Lady Blackhawk’s Story: Describing being groped, and call for bystander intervention SDCC 2011

Originally posted on ElfGrove’s tumblr in 2011.

Let me explain something about conventions and the convention atmosphere that is NOT okay. Touching people without their express permission. I’m not talking about brushing shoulders in crowded halls. That’s unavoidable. It’s the intentional touching, violating someone’s personal space. Regardless of your gender or sexual orientation. I don’t care. I do not know you, so it is NOT okay to touch me without me specifically saying it is okay.

Hey, you admire my costume. That is great. Thank you for the compliment. I appreciate it.

The next appropriate action is NOT to reach out and start fiddling with the edges of the chest flap (this was my Lady Blackhawk costume, Saturday night at the Hyatt Bar by SDCC), trying to pull at the snaps. When I look at you and surprise and mortification that you are violating my personal space, the appropriate response is NOT, “Oh, it’s okay. I’m gay.” I don’t care if you’re not attracted to women that way, you do not get to randomly start touching a stranger who is clearly uncomfortable with the situation. You sure as hell do NOT continue that unwanted physical contact after you realize the person is uncomfortable.

Boy is lucky I was 1) too shocked and horrified to punch his pink-dyed head off his shoulders, 2) trying to politely get him to stop (brushing his hands away and discouraging the conversation he was trying to start from continuing) on the assumption he was too drunk to know better, and 3) the point he was touching is practically all the way at my armhole, mostly away from the boob so I felt uncertain as to how threatening to interpret his behavior. You don’t know how my costume is constructed. If he had achieved what he seemed to be attempting (which was to open the edge of the front flap across the chest) he might have exposed me to the rest of the bar. Now, my costume doesn’t work that way, and It wouldn’t have shown anything because it is a fully zipped up jacket beneath the flap, but he did not know that, and he could have damaged my costume.

I didn’t stick around too much longer after that, but I would glance around and see the guy in the crowd (an Asian man with the top of his hair dyed pink stands out a bit) and he would nod at me and grin every time our eyes met. At one point he was poking a friend next to him and pointing at me. I had had 2 drinks at that point and felt really uncomfortable and unsafe when I saw that he was still paying attention to where I was, and not very far away.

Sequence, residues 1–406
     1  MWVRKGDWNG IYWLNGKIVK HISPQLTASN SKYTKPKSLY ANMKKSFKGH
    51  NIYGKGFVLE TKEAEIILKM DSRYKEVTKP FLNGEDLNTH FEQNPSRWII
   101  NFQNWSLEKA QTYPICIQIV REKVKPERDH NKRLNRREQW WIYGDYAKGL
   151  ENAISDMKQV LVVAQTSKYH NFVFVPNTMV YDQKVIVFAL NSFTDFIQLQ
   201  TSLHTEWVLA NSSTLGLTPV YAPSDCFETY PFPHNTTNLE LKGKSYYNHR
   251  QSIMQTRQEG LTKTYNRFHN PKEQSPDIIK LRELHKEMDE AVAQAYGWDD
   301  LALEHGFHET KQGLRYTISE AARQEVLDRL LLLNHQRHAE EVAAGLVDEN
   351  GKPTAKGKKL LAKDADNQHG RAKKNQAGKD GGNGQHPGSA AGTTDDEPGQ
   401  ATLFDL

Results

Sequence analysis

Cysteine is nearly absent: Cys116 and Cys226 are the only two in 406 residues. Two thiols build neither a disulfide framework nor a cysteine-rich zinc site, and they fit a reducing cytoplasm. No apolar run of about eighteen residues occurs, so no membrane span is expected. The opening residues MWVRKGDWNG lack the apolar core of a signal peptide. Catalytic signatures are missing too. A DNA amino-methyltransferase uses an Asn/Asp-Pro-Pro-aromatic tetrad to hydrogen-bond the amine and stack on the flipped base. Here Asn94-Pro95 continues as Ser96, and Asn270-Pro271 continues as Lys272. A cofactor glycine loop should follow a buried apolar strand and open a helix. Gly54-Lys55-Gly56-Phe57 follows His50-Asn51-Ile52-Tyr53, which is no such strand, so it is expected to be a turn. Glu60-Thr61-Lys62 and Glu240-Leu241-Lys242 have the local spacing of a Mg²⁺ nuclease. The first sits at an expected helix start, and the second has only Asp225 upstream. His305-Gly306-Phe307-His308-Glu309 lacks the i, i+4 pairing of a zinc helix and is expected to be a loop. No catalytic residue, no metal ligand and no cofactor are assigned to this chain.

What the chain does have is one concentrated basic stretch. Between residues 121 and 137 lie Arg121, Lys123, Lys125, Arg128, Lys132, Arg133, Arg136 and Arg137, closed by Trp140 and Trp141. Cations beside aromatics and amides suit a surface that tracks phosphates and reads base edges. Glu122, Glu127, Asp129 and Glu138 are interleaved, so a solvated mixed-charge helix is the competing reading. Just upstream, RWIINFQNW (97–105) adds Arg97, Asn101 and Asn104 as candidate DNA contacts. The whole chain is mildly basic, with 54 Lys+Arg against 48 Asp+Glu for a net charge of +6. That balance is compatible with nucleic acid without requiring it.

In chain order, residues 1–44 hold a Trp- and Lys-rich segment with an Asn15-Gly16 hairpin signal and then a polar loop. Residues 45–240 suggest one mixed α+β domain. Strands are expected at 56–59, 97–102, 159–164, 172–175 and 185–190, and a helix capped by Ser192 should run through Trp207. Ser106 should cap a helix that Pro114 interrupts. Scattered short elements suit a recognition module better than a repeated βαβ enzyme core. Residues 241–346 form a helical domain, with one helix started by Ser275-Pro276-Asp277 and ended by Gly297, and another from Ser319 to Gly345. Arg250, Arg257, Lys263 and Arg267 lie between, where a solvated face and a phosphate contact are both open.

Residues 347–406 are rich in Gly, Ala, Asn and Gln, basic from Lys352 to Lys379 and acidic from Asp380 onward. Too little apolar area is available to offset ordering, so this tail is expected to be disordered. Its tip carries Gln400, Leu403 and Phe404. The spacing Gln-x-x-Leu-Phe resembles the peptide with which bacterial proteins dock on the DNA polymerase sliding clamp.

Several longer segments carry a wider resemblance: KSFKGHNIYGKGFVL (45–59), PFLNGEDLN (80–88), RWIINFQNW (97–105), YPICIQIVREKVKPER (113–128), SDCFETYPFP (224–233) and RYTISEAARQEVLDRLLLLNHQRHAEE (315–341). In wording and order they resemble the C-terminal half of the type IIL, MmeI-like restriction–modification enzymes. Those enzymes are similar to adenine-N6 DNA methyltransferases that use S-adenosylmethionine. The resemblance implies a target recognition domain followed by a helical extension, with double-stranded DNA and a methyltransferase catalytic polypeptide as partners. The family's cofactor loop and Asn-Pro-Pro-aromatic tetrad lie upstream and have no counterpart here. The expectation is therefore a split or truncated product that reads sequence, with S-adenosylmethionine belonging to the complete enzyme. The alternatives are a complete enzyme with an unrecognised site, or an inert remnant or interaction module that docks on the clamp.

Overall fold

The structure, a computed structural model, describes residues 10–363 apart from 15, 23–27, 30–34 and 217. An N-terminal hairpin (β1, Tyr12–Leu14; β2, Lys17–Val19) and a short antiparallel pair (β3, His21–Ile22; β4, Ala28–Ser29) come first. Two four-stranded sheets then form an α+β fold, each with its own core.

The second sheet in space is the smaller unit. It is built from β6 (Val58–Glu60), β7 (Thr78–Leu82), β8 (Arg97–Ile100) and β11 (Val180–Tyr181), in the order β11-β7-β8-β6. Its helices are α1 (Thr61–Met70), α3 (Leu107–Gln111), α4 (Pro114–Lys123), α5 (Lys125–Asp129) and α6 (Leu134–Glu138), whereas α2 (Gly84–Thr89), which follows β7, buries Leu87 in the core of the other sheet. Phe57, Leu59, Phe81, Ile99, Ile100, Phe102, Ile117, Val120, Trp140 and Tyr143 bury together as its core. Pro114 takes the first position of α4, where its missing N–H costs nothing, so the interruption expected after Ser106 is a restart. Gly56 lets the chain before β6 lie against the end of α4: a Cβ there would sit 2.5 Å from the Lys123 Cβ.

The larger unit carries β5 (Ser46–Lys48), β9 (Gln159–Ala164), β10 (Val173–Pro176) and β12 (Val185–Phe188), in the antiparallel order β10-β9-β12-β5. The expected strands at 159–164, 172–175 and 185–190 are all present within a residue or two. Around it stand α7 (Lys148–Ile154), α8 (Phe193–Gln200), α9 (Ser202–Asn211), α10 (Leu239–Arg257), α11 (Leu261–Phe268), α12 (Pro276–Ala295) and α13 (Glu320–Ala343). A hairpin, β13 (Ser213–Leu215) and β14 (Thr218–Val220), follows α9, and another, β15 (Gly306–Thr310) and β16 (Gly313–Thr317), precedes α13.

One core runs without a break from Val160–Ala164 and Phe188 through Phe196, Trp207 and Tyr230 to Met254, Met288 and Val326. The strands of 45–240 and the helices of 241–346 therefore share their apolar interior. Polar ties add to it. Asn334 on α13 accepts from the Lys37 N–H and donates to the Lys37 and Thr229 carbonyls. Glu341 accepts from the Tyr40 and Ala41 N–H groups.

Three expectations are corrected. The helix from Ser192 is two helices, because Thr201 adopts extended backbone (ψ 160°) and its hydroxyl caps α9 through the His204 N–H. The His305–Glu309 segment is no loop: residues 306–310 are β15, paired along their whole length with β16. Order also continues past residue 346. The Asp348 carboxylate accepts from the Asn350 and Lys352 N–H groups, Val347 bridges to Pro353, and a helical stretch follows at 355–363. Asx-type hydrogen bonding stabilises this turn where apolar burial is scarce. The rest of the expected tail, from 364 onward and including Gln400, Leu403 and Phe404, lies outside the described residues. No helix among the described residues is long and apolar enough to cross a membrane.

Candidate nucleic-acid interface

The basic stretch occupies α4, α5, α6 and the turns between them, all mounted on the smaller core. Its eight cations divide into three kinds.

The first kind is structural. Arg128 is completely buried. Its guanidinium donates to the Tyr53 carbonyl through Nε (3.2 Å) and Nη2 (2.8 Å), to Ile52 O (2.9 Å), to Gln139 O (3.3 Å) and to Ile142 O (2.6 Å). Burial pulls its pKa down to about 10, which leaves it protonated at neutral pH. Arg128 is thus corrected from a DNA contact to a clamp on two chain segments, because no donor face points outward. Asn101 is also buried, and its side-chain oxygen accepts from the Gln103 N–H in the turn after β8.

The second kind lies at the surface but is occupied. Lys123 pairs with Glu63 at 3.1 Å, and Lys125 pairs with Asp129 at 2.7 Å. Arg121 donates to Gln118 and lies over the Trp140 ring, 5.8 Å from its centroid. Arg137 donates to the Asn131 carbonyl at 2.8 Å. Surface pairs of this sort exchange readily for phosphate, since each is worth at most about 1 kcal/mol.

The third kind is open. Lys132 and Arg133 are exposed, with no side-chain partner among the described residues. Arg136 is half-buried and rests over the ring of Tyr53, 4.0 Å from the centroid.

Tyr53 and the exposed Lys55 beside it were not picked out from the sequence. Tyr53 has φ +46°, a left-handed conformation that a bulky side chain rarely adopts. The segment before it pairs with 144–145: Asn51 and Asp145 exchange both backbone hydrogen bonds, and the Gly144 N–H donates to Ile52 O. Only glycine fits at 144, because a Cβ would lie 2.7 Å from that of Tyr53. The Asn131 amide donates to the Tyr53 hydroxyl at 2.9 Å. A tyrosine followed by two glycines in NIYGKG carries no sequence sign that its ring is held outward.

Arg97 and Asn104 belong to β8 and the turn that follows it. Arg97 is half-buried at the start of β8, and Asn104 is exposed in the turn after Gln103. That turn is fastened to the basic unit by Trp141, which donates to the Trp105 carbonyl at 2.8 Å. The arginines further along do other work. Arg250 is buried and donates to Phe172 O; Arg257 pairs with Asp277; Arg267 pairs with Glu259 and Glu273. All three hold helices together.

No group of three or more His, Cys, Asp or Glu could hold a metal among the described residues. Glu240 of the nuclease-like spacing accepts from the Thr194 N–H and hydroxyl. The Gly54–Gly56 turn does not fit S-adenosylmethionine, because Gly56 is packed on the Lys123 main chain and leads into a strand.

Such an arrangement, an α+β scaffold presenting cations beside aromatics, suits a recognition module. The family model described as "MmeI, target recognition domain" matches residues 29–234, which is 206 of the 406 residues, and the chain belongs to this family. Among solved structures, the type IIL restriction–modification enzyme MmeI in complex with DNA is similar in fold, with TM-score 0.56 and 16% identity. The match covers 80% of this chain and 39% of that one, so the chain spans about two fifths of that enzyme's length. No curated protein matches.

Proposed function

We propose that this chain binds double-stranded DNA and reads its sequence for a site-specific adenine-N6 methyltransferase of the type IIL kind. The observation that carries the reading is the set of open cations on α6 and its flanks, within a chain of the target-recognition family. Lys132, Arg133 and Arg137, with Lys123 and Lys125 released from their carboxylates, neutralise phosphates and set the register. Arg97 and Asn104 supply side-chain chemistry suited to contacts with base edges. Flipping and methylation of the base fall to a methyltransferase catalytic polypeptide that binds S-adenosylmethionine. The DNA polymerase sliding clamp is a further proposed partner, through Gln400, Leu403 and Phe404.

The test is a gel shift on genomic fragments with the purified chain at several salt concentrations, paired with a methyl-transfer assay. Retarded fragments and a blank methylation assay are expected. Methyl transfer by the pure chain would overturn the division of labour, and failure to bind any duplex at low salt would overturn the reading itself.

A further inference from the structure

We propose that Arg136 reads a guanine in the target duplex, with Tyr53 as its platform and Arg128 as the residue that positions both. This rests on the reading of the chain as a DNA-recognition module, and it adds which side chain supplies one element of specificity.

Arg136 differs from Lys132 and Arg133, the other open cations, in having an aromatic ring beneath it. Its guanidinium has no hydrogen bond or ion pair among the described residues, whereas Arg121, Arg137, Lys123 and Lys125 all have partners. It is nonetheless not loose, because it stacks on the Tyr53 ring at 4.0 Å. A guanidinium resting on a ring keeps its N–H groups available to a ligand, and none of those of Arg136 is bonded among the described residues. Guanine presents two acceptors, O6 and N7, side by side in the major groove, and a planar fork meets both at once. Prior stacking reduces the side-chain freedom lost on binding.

My wingmen (two male friends) kind of failed at backing me up. They stood and watched while I tried to politely get this guy to stop touching me. I’m shy when it comes down to the bones of things, and the old school Southern sensibilities from Grandma are what kick in when I panic for myself. They said afterward that they had been concerned, but weren’t sure if they needed to step in or not. Of course, there was a mixed message to my forceful attitude an hour earlier when a homeless guy separated Julius from the rest of the group while we were walking down the street and had initially told him no to the request for money. He put his arm around Julius and literally pulled him away from the group. I had stepped back, grabbed Julius’s hand and started towing him back into our crowd of friends while insisting we had someplace to be and were in a hurry. So me being less forceful an hour later when someone starts harassing me is confusing, I get that.

However, General Advice: if your friend looks uncomfortable and the first “No” is not getting the stranger to back off, please step in. I don’t care about the gender or whatever involved. Sometimes it’s hard for the person at the center of the attention to speak up for themselves and get an escape.

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